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Showing posts from September, 2014

Managing stored grain to minimize storage losses

by Phil Glogoza and Dave Nicolai, Extension Educators-Crops
When grain harvest approaches, it is time to review basic on-farm grain storage principles for maintaining quality of stored commodities. Harvest should include preparation of storage structures to receive grain. Preparation includes several practices that aid in preventing pest infestations from developing within our storage structures.

Got Weeds? Evaluate Your Weed Control Program

By Lizabeth Stahl, Extension Educator in Crops and Jeff Gunsolus, Extension Agronomist, Weed Science

By the end of the growing season, it is not too hard to spot soybean fields where weed control was less than optimal.  Prior to harvest, waterhemp can be found towering over soybean canopies throughout Minnesota.  Taking some time to evaluate effectiveness of your weed control program now can help enhance future weed control and ultimately protect yield potential and enhance profitability in the long run.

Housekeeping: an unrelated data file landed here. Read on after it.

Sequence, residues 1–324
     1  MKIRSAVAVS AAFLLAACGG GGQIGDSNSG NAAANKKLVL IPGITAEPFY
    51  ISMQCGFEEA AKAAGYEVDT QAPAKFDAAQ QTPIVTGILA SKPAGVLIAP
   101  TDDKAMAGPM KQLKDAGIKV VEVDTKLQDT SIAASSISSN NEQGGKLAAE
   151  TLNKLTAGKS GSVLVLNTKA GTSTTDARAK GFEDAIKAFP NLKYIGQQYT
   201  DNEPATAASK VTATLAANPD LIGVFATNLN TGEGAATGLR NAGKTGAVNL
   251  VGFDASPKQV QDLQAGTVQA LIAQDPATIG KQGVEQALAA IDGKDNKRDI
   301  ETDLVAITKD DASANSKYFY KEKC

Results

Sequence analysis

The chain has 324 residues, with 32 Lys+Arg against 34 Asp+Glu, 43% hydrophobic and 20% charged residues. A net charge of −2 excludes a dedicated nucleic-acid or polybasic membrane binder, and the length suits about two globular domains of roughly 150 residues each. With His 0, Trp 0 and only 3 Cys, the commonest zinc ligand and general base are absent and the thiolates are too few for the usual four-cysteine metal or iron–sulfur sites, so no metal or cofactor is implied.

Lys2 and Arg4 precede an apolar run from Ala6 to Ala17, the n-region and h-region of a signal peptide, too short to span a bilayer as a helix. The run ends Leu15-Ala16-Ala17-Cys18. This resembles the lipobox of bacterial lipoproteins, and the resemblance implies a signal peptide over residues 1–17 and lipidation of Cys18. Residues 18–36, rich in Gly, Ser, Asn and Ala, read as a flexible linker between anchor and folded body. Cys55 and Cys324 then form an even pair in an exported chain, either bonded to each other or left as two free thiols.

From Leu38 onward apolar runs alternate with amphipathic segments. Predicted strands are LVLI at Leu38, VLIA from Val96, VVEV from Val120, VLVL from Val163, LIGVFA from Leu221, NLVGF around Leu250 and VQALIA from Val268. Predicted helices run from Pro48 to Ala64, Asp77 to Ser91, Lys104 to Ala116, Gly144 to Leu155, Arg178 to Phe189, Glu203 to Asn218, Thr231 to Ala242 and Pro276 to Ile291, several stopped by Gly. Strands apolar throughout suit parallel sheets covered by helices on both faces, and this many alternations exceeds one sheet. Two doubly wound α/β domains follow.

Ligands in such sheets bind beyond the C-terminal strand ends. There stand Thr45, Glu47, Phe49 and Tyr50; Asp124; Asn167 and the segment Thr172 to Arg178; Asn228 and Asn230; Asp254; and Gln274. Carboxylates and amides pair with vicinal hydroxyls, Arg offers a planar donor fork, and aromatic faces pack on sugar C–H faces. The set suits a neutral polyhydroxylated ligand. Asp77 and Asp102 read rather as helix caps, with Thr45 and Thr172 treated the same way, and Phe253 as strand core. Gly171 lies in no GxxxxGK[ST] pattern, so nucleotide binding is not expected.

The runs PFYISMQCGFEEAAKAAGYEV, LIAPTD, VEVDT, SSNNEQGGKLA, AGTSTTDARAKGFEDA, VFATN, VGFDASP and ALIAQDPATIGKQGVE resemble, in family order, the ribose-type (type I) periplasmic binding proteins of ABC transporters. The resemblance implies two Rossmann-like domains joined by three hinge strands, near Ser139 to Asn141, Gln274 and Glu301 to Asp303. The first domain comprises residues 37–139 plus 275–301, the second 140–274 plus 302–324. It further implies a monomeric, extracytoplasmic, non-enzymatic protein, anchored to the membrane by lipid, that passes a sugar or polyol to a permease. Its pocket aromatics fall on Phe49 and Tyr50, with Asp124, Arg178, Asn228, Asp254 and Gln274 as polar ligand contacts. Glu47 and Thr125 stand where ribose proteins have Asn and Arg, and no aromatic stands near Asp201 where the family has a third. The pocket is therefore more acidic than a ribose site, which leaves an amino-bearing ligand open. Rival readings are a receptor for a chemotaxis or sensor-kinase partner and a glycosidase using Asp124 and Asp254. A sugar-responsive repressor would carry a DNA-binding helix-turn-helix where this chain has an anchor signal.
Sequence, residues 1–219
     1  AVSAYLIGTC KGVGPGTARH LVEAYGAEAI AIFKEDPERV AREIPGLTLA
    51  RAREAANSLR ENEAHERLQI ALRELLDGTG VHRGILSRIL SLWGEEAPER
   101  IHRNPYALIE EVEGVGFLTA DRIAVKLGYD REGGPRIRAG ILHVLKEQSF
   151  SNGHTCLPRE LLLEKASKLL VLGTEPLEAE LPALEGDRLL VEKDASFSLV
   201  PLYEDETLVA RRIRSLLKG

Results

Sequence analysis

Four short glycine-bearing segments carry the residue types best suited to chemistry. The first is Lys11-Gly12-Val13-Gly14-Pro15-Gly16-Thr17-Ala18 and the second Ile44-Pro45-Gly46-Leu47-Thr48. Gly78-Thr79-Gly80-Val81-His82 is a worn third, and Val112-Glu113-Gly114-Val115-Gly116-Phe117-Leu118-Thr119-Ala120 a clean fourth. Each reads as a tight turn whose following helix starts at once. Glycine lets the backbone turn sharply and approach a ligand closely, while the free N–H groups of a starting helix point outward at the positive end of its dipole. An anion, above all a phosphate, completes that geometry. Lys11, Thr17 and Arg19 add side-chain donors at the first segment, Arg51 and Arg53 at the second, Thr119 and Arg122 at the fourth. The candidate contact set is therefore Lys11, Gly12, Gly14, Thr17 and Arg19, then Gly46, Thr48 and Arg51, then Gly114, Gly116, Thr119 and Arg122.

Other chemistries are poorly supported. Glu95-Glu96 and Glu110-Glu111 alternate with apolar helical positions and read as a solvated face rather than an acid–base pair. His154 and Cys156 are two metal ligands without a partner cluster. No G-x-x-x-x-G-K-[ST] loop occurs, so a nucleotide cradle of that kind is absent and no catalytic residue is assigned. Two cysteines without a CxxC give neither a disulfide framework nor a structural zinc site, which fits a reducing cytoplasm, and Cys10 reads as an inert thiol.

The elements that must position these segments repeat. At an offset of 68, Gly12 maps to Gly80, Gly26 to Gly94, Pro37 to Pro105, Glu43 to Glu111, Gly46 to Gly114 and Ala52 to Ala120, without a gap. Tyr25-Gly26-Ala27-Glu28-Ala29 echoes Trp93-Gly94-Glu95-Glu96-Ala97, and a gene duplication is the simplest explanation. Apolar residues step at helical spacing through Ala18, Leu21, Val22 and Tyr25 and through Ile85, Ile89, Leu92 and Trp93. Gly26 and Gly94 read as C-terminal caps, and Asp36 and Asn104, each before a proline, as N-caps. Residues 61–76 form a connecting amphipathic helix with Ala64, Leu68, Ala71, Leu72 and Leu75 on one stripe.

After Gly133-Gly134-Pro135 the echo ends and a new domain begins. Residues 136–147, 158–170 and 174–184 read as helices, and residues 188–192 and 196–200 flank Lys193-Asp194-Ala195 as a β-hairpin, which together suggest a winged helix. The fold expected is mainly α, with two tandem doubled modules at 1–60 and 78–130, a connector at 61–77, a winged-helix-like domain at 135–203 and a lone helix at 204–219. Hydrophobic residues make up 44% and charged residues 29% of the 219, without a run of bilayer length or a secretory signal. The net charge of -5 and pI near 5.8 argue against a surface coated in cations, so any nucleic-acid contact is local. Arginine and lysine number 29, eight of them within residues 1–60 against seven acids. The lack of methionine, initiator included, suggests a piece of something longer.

Mid-September frost on corn and soybeans

Seth Naeve, Extension Soybean Agronomist, Jeff Coulter, Extension Corn Agronomist, Dave Nicolai, Extension Educator - Crops, and Phyllis Bongard, Educational Content Development and Communications Specialist
Many corn and soybean fields in central, west central, and southwest Minnesota were affected by frost during the morning hours of September 13, 2014. As is always the case, the frost damage appears to be highly variable based on local climate conditions, crop maturity, and topographical features. For corn, a killing freeze occurs when temperatures are 32°F for 4 hours or 28°F for minutes. A frost or killing freeze can still occur when temperatures are above 32°F, especially in low and unprotected areas when there is no wind. For soybeans, most reports indicated that the crop was unaffected, 'nipped' slightly at the tops, or (in rare cases) frozen down into the canopy.